Saturday, January 4, 2014

Human emotions mapped for the first time, shows where we feel love, fear, and shame


In a new study, Finnish researchers found a way to map the way feelings affect the human body.

The findings, published in in the Proceedings of the National Academies of Sciences, reveals how emotions are more than mental states. Using data collected from 773 participants, researchers connected emotions with which areas in the body felt increasing or decreasing activity.

Participants were given computer-modeled body silhouettes next to emotional words, stories, movies, or facial expressions. They were asked to bold the bodily regions where they felt activity using different colors – red and yellow for intensity and shades of blue for dullness.


The 14 different emotions including anger, fear, love and depression show which areas of the body experience the strongest emotions. Researchers found each emotion was expressed differently in the body – and that among different West European and East Asian cultures the reactions remained the same.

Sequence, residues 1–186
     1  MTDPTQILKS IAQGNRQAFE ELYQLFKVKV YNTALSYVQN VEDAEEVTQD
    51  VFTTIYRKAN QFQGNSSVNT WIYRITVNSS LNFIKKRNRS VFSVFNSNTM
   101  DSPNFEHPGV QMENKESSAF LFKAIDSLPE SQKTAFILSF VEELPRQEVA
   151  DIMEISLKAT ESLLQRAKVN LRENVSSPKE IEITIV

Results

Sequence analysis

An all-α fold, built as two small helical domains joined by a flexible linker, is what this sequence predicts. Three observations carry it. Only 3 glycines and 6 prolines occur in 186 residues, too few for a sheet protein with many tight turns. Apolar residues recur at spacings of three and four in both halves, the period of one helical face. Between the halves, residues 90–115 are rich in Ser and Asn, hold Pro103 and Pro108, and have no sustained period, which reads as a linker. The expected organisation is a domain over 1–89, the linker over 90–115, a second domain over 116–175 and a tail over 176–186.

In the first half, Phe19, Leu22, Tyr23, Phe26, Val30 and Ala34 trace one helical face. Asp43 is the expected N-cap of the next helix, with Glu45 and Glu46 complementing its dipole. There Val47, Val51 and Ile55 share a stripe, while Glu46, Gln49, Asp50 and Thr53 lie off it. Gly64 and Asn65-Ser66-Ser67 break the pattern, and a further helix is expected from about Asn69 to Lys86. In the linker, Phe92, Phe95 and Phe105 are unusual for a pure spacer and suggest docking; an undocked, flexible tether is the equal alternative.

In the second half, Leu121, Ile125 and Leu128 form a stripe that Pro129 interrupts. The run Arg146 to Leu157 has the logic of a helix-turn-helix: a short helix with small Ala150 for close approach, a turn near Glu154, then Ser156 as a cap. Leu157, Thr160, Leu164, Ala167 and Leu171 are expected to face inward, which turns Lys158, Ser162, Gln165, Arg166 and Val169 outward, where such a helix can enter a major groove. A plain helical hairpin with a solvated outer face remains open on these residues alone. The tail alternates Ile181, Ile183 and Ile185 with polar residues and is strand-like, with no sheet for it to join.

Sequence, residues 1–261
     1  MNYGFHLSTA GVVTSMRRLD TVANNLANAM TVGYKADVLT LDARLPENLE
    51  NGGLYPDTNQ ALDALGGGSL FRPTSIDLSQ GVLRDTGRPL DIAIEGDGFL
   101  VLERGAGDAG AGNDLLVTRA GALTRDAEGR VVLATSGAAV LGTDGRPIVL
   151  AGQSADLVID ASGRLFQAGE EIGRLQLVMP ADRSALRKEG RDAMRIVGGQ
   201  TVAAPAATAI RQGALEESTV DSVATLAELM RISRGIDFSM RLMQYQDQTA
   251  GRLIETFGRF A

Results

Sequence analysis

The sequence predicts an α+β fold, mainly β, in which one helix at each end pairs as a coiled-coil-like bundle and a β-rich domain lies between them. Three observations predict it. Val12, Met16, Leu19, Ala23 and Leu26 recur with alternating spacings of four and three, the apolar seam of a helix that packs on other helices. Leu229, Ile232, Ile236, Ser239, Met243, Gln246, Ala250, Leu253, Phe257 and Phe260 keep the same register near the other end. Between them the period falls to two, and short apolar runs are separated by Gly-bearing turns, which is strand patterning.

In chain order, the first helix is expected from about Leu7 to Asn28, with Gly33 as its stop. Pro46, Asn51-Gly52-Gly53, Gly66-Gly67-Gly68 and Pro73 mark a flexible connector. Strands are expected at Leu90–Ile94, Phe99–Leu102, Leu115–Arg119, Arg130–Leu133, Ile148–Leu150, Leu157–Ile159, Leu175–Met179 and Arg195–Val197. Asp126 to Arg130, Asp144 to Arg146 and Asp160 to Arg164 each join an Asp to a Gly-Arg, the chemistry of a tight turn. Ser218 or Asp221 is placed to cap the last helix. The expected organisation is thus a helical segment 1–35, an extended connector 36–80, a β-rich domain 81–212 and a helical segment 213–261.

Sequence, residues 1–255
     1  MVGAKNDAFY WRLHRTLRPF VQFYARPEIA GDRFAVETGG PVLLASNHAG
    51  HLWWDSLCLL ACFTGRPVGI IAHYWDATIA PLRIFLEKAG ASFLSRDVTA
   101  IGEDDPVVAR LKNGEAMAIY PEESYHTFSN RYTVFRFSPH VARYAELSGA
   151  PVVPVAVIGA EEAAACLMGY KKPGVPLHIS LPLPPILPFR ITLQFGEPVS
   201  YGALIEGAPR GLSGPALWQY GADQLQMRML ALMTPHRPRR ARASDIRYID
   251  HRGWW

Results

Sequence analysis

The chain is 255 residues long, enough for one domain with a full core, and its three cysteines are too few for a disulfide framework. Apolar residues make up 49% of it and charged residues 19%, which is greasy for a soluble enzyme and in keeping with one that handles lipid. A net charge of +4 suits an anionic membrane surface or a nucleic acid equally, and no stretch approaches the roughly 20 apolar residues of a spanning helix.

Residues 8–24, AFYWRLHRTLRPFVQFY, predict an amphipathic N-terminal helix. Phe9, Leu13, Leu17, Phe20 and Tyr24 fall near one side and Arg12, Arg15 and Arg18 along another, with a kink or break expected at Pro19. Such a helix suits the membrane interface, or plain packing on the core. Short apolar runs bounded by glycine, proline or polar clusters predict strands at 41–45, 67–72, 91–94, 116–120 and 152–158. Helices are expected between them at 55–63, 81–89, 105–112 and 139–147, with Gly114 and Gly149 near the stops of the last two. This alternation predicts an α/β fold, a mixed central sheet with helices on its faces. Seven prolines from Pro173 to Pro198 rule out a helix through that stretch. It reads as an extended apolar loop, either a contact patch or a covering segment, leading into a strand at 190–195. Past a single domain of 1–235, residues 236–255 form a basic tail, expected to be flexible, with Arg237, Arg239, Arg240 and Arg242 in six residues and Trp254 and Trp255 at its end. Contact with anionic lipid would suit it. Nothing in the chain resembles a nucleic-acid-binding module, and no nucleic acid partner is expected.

“These maps constitute the most accurate description available to date of subjective emotion-related bodily sensations,” researchers wrote in the study. “Our data highlight that consistent patterns of bodily sensations are associated with each of the six basic emotions, and that these sensations are represented in a categorical manner in the body.”

Researchers were surprised to discover that unlike other emotions that can be pinpointed to specific parts of the body – such as feelings in the throat region for disgust –happiness was felt all over the body. Meanwhile, feelings of anger and fear brought strong emotions to the chest, sadness and depression showed dullness in the legs and feet.

The findings are considered a major step forward in understanding how emotions work in the human body. The result from the study could advance the study of emotional disorders and the tools to diagnose them. For instance, mapping emotions could help develop biomarkers for different disorders and play a role in treating – like smile therapy for those with symptoms of anxiety,

by Zoe Mintz
Originally published at ibitimes
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